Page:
The Myanmar military’s violent response to the democracy movement has caused angst among many devout Burmese Buddhists about how to defend themselves and their fundamental freedoms, while remaining true to their religion. Many are faced with that line where the cold edge of sila (ethics) melts along the warm edge of lived experience. Is sila black-and-white, or might there be more shades of grey? Bhikkhu Bodhi helps unpack this moral quandary in this follow-up discussion to our interview last year.
Bhikkhu Bodhi acknowledges that the farther one’s own reality is from needing to make terrible, life-or-death choices, the easier it probably is to take an absolutist perspective on observing sila. However, those situations now unfortunately symbolize the “real reality” that the people of Myanmar face on a daily basis. What is compassionate guidance for those who do face such kinds of choices, who do have to act to save loved ones from the indiscriminate, murderous violence of the Tatmadaw, and restore basic safety and freedoms to their country?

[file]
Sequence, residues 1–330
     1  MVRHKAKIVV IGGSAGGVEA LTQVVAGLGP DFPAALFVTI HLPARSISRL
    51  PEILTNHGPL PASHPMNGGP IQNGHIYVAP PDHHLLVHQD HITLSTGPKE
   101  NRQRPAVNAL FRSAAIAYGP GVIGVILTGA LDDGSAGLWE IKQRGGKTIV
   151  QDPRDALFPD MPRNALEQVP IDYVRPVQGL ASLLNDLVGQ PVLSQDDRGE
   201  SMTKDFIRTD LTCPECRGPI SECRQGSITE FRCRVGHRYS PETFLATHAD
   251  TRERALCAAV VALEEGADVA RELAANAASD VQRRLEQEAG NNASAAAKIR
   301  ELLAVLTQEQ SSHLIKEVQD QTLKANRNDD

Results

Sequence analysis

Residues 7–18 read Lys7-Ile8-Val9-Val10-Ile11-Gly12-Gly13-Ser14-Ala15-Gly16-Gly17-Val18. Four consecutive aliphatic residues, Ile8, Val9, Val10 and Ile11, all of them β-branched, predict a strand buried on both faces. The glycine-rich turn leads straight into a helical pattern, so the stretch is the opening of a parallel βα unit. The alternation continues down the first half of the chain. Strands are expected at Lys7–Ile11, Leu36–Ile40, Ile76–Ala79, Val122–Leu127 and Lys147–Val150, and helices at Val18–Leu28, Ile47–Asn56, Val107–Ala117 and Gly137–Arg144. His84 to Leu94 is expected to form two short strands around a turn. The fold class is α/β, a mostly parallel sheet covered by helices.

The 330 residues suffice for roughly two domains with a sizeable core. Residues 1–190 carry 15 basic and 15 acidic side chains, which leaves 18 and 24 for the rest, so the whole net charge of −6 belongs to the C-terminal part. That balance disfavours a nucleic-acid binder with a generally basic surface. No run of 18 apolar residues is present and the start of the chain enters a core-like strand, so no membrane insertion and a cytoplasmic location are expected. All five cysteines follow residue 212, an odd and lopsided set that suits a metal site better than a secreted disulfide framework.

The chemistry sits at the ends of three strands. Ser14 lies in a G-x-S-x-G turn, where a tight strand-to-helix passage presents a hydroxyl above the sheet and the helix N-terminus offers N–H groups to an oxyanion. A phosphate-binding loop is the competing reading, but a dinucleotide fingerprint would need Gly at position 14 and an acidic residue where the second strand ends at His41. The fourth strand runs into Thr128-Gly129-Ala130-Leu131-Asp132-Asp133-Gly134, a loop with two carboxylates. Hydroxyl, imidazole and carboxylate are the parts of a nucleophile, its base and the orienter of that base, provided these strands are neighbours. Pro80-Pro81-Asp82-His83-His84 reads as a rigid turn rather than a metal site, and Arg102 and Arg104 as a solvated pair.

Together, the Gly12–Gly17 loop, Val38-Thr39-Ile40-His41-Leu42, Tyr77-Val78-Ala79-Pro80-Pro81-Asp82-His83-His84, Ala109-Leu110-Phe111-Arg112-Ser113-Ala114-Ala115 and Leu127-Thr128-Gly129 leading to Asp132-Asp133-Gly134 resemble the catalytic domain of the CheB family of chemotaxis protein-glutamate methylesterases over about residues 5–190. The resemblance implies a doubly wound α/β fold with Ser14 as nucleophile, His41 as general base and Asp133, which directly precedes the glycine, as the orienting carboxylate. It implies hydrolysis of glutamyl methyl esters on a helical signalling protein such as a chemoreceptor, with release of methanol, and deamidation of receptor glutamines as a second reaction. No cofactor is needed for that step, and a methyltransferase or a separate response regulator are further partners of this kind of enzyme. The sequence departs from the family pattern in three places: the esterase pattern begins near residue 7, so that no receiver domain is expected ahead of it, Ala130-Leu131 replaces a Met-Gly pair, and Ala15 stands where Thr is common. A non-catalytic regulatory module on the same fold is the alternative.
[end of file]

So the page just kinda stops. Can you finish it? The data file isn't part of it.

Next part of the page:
Bhikkhu Bodhi establishes two related frames of reference within which we can make reasonable choices. The first is to know the intent of our mind. It is not the action itself, but the intention that matters from a karmic perspective, and we should never kill out of hate. The second is to be sure of the reasons behind our actions. If we are not motivated by hatred of the enemy, but feel there is no other choice in order to save the lives of innocent people, it’s the very best we can do. Bhikkhu Bodhi also stresses that in the suttas, the Buddha is never depicted as being faced with these kinds of moral dilemmas. And he reminds us that this is the complex, modern, 21st century world we live in, not the 5th century BCE. So he says that the appropriate teaching around these issues is perhaps not so “obvious.”